Jeremy Ayala, an audio engineer who runs the sound boards at Hard Rock Live Sacramento, caught his first break in the industry when an audio engineer quit unexpectedly during the set-up of a blues show at Musikfest in Bethlehem, Pennsylvania. That was back in 1995.
“The owner [of a local sound company] hired me to mix a couple sets each afternoon so the front of house guy there could get a proper meal break,” Ayala said. “It was a perfect situation to get my feet wet.”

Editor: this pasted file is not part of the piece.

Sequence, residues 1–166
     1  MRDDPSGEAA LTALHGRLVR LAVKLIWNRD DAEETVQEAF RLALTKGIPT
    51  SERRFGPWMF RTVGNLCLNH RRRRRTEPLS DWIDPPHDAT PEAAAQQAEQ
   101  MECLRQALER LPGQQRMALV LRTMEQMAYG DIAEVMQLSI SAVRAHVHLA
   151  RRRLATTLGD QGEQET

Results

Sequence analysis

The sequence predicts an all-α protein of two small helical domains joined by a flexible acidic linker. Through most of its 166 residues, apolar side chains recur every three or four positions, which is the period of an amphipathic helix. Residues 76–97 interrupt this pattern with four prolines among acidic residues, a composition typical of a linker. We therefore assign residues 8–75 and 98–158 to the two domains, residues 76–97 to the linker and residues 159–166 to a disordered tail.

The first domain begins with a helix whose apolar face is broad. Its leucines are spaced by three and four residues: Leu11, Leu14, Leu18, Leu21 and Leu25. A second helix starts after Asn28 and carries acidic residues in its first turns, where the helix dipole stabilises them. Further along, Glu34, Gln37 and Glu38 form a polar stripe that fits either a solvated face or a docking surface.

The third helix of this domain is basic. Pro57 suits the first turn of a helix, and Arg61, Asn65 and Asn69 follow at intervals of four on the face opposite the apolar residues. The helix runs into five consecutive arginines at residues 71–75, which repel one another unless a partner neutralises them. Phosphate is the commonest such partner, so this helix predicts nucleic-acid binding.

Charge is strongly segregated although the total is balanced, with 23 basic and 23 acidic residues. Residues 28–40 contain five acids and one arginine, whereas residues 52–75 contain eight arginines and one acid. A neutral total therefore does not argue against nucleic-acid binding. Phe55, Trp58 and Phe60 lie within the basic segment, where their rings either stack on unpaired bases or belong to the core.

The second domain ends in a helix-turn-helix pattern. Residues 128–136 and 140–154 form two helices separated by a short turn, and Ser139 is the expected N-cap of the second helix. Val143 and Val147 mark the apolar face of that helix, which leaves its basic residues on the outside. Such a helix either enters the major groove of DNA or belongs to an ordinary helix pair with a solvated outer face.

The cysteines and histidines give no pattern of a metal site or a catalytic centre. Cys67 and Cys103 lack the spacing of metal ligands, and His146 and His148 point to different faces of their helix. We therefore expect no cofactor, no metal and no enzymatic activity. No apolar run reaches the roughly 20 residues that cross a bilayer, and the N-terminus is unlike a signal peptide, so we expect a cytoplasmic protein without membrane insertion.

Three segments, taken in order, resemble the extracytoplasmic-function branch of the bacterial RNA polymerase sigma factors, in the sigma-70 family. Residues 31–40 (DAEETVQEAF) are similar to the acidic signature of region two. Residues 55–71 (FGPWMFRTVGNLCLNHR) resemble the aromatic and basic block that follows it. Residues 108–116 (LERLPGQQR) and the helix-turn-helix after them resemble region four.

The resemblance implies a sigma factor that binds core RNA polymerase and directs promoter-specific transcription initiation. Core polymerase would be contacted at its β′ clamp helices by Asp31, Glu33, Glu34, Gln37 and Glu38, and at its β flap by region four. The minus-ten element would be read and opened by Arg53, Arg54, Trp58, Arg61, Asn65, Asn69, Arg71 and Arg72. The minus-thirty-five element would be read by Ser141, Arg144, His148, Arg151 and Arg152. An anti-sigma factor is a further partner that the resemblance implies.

While being an audio engineer can be one of the higher paying jobs in the entertainment industry, it can also be a thankless and trying vocation — often with a steep learning curve. It’s the sound engineer’s job to deal with any myriad of problems that come with live shows as well as hear critiques by concertgoers who, for the most part, have little insight into handling a live mix.